Media Bias and Hurricane Katrina

 

 I’ve just finished watching Spike Lee’s documentary. I find myself eagerly sucking in the storm video from Act I. Sometimes my obsession makes me feel a bit deviant–considering all the heartbreaking loss Katrina represented. Though my family lost two cars in hurricanes between 2004 and 2005, we were fortunate to escape actual physical damage to our persons. This is really miraculous considering my brother and I decided to visit Daytona Beach AFTER a mandatory evacuation (hiding from police just to get our storm-on) during one hurricane…and went for a drive during the worst of the weather during another. In other words, we’re idiots.
Every time I watch Lee’s docu, it makes me think of the following story… 
Hurricane Katrina and the “Two-Photo Controversy”

Katrina struck New Orleans, two photographs published by Yahoo! News depicting residents loot_vs_search_2making their way through chest-deep water caused an uproar relating to bias in media coverage. The first image, shot by photographer Dave Martin for the Associated Press, showed a young black man, who, according to the accompanying caption, “walks through chest deep flood water after looting a grocery store.” In a similar shot, taken by photographer Chris Graythen for AFP/Getty Images, a white couple was shown wading “through chest-deep water after finding bread and soda from a local grocery store.”

It is Yahoo!’s policy to use photo captions that are provided by the photographers and not edit them before posting the images online.1 These captions caused many to question whether black people were being treated fairly in media coverage of post-hurricane events.

In response to the ensuing controversy, the journalists associated with the photos claimed that it was not an issue of race, but rather a question of semantics over the terms ‘looting’ as opposed to ‘finding’. According to Jack Stokes, the director of media relations for AP, Dave Martin, the photographer of the first picture, personally witnessed the subject of his photograph entering a grocery store and leaving with items, thus witnessing the man looting.2 Whereas the photographer of the second photo, Chris Graythen, didn’t witness the subjects of his photograph taking the goods. “I wrote the caption about the two people who ‘found’ the items. I believed in my opinion, that they did simply find them, and not ‘looted’ them in the definition of the word. The people were swimming in chest deep water, and there were other people in the water, both white and black. I looked for the best picture. There were a million items floating in the water — we were right near a grocery store that had 5+ feet of water in it. It had no doors. The water was moving, and the stuff was floating away. These people were not ducking into a store and busting down windows to get electronics. They picked up bread and cokes that were floating in the water. They would have floated away anyhow.”3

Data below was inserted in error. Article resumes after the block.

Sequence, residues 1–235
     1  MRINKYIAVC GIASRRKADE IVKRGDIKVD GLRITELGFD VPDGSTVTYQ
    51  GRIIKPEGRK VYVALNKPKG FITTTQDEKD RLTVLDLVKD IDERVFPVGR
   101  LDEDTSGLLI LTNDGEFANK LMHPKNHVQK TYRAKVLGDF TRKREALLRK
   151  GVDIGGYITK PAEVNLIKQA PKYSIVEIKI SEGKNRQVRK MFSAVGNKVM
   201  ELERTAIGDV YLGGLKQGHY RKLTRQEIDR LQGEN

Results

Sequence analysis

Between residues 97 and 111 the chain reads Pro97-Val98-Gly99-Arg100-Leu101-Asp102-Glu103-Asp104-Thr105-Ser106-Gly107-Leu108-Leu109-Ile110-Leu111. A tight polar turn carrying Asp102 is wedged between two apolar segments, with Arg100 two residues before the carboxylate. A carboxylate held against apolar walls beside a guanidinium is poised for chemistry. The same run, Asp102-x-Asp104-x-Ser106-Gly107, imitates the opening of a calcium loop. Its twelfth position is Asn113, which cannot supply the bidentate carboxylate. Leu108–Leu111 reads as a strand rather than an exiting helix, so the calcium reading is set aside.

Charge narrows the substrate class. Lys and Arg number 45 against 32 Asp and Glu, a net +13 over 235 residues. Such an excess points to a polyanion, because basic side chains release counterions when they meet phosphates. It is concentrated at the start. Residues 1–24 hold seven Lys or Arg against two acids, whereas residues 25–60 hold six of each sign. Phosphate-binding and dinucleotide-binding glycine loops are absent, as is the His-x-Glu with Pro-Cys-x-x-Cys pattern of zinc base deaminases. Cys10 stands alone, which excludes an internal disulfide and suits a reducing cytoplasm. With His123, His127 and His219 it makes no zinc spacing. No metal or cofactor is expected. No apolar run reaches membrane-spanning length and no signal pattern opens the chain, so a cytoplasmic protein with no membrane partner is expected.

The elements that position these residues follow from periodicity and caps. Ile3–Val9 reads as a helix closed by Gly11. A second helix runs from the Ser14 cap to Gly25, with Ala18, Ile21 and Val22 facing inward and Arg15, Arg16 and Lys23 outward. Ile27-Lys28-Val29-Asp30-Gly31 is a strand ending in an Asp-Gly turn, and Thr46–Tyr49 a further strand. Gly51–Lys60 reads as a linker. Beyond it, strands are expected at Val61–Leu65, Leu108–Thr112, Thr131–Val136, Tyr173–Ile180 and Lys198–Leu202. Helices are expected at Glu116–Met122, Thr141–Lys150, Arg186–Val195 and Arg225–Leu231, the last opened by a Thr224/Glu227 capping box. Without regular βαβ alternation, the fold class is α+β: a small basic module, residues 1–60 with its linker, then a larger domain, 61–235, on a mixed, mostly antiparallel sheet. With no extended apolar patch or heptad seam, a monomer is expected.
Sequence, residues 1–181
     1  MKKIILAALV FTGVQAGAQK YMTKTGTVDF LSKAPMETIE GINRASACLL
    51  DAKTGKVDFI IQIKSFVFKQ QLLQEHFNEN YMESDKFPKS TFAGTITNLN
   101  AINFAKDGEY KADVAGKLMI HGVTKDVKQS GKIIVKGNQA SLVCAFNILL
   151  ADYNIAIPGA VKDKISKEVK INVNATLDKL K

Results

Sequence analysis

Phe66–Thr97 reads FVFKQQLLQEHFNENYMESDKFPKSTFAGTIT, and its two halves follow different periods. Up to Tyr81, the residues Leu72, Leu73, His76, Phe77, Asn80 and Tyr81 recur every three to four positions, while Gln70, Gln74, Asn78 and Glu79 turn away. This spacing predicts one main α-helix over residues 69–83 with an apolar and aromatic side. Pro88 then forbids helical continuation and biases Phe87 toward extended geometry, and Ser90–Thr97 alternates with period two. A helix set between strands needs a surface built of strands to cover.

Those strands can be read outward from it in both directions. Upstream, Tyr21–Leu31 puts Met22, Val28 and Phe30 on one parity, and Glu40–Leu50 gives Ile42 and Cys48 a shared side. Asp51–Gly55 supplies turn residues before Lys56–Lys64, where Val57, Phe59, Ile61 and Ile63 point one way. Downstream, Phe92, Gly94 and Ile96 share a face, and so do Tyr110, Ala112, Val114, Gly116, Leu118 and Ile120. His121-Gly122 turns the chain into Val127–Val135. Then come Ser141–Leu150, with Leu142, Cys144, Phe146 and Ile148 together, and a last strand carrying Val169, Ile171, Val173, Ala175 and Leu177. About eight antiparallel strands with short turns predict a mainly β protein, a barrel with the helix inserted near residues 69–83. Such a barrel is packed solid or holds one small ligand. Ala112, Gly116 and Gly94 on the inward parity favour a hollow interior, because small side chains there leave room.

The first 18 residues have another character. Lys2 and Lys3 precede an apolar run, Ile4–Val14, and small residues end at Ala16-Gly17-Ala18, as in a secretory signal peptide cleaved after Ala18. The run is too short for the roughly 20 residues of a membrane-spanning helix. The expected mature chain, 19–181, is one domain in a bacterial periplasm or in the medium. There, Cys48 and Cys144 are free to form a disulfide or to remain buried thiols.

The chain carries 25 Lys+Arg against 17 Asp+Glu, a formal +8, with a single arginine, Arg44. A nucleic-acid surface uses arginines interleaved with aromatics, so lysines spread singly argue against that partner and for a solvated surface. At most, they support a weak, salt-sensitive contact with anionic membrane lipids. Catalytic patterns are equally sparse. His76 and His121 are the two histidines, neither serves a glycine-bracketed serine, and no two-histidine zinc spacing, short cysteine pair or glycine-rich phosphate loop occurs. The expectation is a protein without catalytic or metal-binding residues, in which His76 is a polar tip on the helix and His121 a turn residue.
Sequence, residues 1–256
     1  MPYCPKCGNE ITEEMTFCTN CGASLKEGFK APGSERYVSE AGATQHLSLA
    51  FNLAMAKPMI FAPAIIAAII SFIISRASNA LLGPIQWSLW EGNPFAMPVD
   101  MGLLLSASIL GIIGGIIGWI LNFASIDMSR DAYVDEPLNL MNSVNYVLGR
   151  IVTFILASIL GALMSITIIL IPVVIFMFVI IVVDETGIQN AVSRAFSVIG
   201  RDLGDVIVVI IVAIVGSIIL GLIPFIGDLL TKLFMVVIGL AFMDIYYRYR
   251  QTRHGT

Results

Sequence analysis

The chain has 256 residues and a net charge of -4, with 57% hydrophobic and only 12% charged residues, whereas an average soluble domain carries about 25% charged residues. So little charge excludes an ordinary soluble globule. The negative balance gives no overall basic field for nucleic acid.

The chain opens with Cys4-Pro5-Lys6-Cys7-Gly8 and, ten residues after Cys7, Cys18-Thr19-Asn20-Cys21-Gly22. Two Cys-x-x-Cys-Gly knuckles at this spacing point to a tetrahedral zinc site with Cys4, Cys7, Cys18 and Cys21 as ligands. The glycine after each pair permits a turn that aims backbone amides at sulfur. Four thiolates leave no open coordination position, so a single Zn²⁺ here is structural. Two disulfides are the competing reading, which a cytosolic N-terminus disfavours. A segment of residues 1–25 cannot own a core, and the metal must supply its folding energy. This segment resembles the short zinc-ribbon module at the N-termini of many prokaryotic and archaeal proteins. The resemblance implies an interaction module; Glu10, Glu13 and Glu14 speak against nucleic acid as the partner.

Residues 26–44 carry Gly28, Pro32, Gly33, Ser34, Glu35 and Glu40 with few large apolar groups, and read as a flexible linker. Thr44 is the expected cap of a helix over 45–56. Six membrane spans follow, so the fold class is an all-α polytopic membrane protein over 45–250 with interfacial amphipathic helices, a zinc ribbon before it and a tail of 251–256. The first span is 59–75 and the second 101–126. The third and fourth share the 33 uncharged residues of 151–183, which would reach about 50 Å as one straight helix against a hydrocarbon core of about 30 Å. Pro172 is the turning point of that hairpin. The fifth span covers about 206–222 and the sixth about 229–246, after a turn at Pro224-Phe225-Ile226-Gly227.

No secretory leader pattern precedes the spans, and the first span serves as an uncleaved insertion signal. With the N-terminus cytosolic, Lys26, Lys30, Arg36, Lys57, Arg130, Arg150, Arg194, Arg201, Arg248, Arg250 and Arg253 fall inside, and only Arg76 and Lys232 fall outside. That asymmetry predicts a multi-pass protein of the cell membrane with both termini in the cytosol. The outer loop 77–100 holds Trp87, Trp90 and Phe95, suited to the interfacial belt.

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1 Comment

  1. I abhor prejudice but the two photos and the captions were by two different photographers and sources. Sure, it’s possible that the author who used the word “looting” was racist, but who knows? Spike Lee (imho) is a racist as well. I am glad he opens the world’s eyes to racism that is still there, but I’ve also heard him condemn white people as racist just because they are white.


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